Rare Manchukuo National Foundation Imperial Medal

I’d like to start out showing one of the rarest of the Manchukuo medals. This is the Manchukuo National Foundation Imperial Medal, not to be confused with the more common non-Imperial medal that was freely awarded.

Most medal experts do not have much to say about this medal except that it may have been a personal award from Emperor Pu-Yi himself. Since the titles of this medal and that of its common counterpart are similar, they were both given on the same occasion: the establishment of the Manchukuo Empire. But since the common medal was awarded to many people, this rarer version must have been limited to a select few. Let’s look at this fine medal.

National Foundation Imperial Medal

National Foundation Imperial Medal


And close-ups of the obverse and reverse:



The image shows Pu-Yi. On either side of him are kanji that read ‘National Foundation Commemorative.’ The kanji below read ‘Daidou Year 1 [1932], March.’ I have given the Japanese reading for the era since I cannot read Chinese. In Peterson’s book Daidou is written as Ta-Tung, so that may be the Chinese correct reading. The kanji are 大同.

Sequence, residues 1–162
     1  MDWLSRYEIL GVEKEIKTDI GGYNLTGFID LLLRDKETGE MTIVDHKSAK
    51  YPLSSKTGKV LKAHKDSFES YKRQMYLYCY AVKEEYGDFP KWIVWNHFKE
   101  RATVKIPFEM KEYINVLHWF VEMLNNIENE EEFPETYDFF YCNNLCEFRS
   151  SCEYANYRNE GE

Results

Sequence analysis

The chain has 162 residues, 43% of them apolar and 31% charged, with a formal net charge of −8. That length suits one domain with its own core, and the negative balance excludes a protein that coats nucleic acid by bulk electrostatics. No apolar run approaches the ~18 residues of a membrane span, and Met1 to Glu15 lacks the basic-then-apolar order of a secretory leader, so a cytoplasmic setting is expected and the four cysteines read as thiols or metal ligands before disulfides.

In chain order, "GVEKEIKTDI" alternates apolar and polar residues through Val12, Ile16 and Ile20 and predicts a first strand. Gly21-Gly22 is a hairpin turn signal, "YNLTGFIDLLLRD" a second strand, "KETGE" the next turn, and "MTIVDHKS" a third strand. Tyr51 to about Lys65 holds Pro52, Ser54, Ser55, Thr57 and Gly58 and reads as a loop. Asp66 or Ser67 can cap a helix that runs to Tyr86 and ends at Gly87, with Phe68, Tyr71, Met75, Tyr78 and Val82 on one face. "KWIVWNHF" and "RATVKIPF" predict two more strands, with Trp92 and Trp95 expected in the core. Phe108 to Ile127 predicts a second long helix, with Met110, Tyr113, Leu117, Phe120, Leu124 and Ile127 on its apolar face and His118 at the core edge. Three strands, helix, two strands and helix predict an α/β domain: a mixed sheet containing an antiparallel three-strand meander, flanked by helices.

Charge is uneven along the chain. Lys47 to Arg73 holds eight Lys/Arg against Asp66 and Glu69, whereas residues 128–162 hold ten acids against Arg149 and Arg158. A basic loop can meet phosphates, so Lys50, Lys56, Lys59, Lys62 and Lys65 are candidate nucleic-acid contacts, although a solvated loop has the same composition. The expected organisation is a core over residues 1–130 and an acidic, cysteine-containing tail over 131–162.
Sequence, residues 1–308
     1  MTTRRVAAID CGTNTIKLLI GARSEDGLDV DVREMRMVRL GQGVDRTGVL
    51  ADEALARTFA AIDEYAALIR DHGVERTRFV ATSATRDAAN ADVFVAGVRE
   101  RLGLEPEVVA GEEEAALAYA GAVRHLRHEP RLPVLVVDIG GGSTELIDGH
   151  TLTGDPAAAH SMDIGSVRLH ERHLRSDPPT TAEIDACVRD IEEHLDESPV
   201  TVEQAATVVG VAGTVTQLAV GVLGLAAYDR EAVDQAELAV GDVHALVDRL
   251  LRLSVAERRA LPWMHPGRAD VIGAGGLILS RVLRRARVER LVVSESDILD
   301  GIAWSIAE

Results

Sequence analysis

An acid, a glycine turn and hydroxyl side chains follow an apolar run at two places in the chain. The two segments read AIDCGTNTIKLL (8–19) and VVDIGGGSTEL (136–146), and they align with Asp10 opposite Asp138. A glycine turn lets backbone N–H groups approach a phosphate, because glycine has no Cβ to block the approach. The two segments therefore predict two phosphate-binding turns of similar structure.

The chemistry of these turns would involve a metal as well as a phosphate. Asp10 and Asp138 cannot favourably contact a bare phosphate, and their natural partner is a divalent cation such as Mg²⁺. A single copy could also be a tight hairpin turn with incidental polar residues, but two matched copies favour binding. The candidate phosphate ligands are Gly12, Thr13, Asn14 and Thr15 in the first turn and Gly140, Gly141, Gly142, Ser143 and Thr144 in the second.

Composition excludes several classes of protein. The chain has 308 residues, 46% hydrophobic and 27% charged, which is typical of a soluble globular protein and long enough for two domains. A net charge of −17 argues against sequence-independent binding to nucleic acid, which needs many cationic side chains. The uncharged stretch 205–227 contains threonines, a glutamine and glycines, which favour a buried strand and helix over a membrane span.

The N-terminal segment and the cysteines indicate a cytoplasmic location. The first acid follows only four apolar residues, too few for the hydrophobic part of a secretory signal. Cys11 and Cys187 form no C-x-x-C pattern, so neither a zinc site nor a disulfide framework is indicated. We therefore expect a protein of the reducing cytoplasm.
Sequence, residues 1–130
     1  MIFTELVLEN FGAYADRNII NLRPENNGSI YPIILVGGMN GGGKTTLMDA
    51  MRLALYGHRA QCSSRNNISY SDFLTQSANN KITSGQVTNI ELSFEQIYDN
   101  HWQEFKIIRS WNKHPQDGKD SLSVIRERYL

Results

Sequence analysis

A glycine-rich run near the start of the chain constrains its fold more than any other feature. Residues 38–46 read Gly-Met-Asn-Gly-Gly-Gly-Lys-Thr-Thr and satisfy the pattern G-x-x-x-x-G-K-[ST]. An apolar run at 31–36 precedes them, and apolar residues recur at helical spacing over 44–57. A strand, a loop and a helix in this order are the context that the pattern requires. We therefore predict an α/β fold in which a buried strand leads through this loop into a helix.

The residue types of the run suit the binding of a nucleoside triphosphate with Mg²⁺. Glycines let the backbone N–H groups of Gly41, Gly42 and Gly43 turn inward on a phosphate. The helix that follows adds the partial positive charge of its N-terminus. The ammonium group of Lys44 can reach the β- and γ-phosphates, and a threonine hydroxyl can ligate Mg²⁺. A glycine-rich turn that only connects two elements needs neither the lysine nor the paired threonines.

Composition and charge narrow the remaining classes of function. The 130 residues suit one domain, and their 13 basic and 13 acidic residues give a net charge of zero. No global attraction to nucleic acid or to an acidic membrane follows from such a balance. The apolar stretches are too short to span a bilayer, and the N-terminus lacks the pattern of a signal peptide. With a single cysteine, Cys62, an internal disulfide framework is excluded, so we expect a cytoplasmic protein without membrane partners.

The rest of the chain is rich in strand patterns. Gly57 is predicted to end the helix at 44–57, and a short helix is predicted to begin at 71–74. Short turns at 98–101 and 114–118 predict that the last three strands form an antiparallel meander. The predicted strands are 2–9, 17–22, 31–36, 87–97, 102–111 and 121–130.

A brief side note: The era name Daidou refers to 3 years: 1932-1934 (strictly speaking March 1st, 1932 to February 28, 1934). These were the first years of the puppet empire Manchukuo. However, when Pu-Yi formally took the throne on March 1st, 1934, the era name changed to Koutoku (康徳), which Peterson transcribes as Kang Teh. The Koutoku era ended on August 18, 1945.


The reverse shows the Manchukuo national flag in the center, and on either side are birds commonly called feng, or fenghuang. (Read about them by clicking on the Wikipedia link.) The medal itself is a gold-plated bronze.
interior of case

interior of case

The case is really nice and of a high-quality. The inscription on the inside lid:
lid inscription

lid inscription

It reads ‘National Foundation, Imperial Event Commemorative.’ The phrase I translated as ‘Imperial Event’ is Taiten (大典), which is usually used in Japanese to refer to an event involving the emperor or associated royalty. The bottom kanji show the maker, but I cannot read the first two kanji well. The whole phrase may read ‘Made of gold’ instead of the maker’s name, but again I am not sure.
Finally, the ribbon is in the colors and design of the Manchukuo national flag. The reverse hook and latch device is the same as that on Japanese medals.
reverse with ribbon

reverse with ribbon

Next up–another interesting official Manchukuo award.
Published in: on October 3, 2009 at 9:55 pm  Leave a Comment  
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